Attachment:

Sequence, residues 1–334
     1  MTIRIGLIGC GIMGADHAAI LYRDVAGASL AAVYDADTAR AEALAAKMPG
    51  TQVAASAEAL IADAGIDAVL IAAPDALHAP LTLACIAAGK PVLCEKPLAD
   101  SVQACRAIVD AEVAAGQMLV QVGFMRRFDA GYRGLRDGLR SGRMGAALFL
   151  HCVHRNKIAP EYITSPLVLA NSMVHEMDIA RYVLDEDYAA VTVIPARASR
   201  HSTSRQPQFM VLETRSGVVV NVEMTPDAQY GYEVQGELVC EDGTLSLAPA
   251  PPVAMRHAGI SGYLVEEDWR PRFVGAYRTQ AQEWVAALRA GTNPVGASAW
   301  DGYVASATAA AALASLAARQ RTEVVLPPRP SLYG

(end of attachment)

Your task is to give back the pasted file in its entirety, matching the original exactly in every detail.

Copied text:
Sequence, residues 1–334
     1  MTIRIGLIGC GIMGADHAAI LYRDVAGASL AAVYDADTAR AEALAAKMPG
    51  TQVAASAEAL IADAGIDAVL IAAPDALHAP LTLACIAAGK PVLCEKPLAD
   101  SVQACRAIVD AEVAAGQMLV QVGFMRRFDA GYRGLRDGLR SGRMGAALFL
   151  HCVHRNKIAP EYITSPLVLA NSMVHEMDIA RYVLDEDYAA VTVIPARASR
   201  HSTSRQPQFM VLETRSGVVV NVEMTPDAQY GYEVQGELVC EDGTLSLAPA
   251  PPVAMRHAGI SGYLVEEDWR PRFVGAYRTQ AQEWVAALRA GTNPVGASAW
   301  DGYVASATAA AALASLAARQ RTEVVLPPRP SLYG